The important role of sport for refugees. GETTY IMAGES

On World Refugee Day, Masomah Ali Zada, Chef de Mission of the Refugee Olympic Team, highlights the importance of access to sport for displaced and refugee populations, which has tripled in the last 25 years.

On the occasion of World Refugee Day, Masomah Ali Zada, Chef de Mission of the Paris 2024 Refugee Olympic Team, highlighted the important role of sport in supporting the integration of refugees and displaced persons into their new communities.

According to the United Nations High Commissioner for Refugees (UNHCR), by the end of 2023, at least 117.3 million people worldwide will have been forced to leave their homes. Of these, around 43.4 million are refugees and around 40% are under the age of 18.

Sadly, this number is steadily increasing, having tripled in the last quarter century (from around 34 million in 1997 to around 118 million in 2023), underlining the importance of providing comprehensive support to so many people around the world.

Ahead of the Paris 2024 Olympic Games, the Olympic Refuge Foundation is working through its Terrains d'Avenir programme to remove barriers to access to sport and sports facilities in the French capital.

Masomah Ali Zada, Refugees Olympic Team Rapresentative, and Thomas Bach, President of IOC. GETTY IMAGES
Masomah Ali Zada, Refugees Olympic Team Rapresentative, and Thomas Bach, President of IOC. GETTY IMAGES

This year's World Refugee Day focuses on solidarity and solutions for displaced people, and the Terrains d'Avenir programme aims to welcome displaced people into the local sporting community and provide a solution to help them build their new lives.

As Chef de Mission, Masomah represents not only the 36 athletes who will be competing at the Paris Olympics, but also some 120 million displaced people worldwide (the number is estimated to have exceeded 120 million in the last six months).

"For me, the Refugee Olympic Team is about giving refugees access to elite level sport. But it's also important for me to be here at this handball session because we need to do more to give refugees access to sport at all levels. By welcoming them into our sporting communities, we give them a vital tool of hope and motivation to keep going."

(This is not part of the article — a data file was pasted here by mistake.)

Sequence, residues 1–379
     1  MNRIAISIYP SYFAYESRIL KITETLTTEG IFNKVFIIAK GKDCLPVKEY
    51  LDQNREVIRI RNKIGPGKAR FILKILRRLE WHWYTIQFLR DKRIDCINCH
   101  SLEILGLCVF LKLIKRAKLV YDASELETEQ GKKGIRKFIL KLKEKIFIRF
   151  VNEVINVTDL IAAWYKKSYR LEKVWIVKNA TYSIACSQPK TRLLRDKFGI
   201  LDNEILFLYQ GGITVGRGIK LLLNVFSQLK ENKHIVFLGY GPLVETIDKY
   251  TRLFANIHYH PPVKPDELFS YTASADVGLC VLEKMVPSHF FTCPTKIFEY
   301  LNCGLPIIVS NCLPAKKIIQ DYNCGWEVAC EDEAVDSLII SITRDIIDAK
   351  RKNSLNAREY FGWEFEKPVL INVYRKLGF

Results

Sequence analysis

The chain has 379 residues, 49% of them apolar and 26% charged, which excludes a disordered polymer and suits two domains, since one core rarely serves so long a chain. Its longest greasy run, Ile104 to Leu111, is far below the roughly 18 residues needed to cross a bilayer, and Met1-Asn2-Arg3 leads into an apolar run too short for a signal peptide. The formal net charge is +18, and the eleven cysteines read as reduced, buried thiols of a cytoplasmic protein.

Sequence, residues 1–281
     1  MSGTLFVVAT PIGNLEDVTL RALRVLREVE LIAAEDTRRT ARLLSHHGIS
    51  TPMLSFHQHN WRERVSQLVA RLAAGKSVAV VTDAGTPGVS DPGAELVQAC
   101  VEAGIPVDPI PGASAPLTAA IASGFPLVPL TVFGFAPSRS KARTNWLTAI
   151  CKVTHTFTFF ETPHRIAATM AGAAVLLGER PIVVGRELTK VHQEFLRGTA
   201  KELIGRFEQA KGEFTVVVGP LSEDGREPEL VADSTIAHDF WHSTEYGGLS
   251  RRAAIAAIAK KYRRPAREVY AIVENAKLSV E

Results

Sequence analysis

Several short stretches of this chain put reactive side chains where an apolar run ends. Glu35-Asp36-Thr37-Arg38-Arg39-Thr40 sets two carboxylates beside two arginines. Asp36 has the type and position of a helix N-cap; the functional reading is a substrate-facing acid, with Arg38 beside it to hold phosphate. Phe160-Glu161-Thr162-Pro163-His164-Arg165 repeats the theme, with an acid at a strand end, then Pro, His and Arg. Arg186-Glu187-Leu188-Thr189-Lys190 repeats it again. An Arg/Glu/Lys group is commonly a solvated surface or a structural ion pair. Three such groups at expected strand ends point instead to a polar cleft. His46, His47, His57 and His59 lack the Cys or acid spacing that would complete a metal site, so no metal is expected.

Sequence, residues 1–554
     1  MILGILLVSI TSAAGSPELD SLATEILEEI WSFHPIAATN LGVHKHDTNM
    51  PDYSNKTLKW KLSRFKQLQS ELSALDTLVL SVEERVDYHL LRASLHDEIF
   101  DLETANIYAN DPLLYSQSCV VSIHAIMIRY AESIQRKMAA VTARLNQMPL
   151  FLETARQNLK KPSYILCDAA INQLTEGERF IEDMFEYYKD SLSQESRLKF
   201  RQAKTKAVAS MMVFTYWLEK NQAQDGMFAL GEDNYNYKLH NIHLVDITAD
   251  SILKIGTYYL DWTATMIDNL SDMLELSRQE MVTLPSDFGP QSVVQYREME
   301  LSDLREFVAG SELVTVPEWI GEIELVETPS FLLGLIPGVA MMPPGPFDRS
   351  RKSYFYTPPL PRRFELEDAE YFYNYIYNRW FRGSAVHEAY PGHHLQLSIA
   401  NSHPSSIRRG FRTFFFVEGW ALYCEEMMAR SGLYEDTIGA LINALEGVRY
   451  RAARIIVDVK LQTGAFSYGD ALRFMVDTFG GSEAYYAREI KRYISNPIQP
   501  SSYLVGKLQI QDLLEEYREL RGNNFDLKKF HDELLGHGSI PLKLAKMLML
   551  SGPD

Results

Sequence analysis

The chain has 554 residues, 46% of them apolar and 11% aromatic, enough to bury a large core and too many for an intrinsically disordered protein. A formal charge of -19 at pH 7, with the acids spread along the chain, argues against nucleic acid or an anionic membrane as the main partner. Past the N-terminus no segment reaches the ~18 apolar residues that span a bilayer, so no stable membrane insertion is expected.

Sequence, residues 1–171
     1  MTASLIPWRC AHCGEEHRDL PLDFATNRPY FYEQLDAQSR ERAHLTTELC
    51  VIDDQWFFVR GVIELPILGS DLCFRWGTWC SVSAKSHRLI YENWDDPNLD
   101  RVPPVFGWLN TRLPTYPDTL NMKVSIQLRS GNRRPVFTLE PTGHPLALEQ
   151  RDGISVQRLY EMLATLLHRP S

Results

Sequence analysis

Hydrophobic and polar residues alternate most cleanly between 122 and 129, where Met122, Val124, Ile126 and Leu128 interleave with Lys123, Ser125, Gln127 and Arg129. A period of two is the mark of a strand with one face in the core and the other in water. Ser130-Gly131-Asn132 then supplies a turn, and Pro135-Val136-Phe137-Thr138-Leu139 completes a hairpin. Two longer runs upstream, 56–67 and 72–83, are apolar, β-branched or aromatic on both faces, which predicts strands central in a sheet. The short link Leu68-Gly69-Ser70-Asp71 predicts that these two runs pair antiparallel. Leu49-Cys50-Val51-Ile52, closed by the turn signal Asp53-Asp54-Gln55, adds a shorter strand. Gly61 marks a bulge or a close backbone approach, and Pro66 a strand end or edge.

She knows first-hand what it is like to flee your home, family and culture. Masomah fled her home country and was part of the Afghan women's cycling team. She competed in the Tokyo 2020 time trial for the IOC Refugee Olympic Team and became a member of the IOC Athletes' Commission for 2022.

Speaking from a sports centre near the Olympic Village in Paris, she said: "Playing handball with these women reminded me once again of the impact sport can have when you arrive in a new country as a refugee. It allows you to integrate into a new community; it gives you hope. Most importantly, it's a tool to overcome some of the challenges of being a refugee - it's a space where you can forget and play."

The women-only handball session is one of more than 30 weekly sports sessions run by the Olympic Refugee Foundation's (ORF) Terrains d'Avenir programme. The sessions are free and open to all.

The initiative offers a wide range of sports - including climbing, basketball, running, taekwondo, boxing and dance - to support the integration of displaced young people into their host communities in Paris and the Île-de-France region. Although spread across Paris, the programme focuses on the north-east of the city - the epicentre of the Paris 2024 Games - where there is a high concentration of displaced people and particularly high barriers to access to sport.

Jeroen Carrin, Senior Programme Manager at ORF, said: "This initiative has been a game changer in Paris. As Terrains d'Avenir builds its legacy in the field of sport for refugees, our partners are working hard to create lasting changes in how and how often asylum seekers and refugees access sport in the Paris area. This year, we're particularly focused on increasing female participation by creating all-female sessions and improving coaches' expertise in working with young people from a forced migration background".

The programme began with the ORF recognising that even in high-income countries like France and world-famous cities like Paris, there are barriers to access to sport for young people. Within these complexities, displaced people face even greater barriers. 

These barriers are not unique to France, but with the approach of the Paris 2024 Games and the financial support of the Ministry of Sport, there was a significant opportunity to use the attention on the city and the Games to break down some of these barriers and shape a movement to ensure that all displaced young people can access and enjoy sport.

Jeroen added: "The goal is clear: to change the way sport is accessed and to create a lasting legacy from Terrains d'Avenir - not just here in Paris, but around the world."

Terrains d'Avenir aims to ensure its long-term impact by training 200 professionals in safe and supportive sports methods. To date, the programme has reached 6,500 young people through sports sessions in the North-East of Paris and Île-de-France, key areas for the Olympic Games and where there is a significant need for displaced youth to have access to safe sports.